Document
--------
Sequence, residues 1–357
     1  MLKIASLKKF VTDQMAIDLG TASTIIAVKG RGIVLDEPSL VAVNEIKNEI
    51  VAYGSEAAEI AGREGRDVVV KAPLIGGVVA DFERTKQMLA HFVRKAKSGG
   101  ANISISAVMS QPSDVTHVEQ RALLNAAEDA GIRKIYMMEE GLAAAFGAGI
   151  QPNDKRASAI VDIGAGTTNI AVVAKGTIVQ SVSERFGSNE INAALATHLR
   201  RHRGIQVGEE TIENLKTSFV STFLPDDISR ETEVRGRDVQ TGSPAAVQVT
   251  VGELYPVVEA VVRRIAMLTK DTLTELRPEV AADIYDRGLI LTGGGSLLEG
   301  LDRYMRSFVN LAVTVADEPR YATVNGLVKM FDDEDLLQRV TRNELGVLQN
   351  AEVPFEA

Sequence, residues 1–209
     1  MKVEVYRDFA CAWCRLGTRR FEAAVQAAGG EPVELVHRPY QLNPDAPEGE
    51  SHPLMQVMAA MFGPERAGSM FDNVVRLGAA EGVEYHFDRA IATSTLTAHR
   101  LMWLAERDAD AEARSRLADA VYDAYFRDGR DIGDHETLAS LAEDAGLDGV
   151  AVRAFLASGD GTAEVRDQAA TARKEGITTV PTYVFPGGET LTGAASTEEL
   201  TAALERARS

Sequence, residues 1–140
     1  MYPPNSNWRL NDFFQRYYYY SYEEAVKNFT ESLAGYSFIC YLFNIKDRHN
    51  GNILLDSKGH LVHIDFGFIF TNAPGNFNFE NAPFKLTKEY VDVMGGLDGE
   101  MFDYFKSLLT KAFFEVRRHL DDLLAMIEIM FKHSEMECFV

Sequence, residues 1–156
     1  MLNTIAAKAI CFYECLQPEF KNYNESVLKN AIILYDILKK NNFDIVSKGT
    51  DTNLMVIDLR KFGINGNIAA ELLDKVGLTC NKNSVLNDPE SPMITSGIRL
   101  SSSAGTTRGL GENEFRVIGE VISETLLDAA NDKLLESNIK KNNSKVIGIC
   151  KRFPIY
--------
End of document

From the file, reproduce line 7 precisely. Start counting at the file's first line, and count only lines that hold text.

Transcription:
   251  VGELYPVVEA VVRRIAMLTK DTLTELRPEV AADIYDRGLI LTGGGSLLEG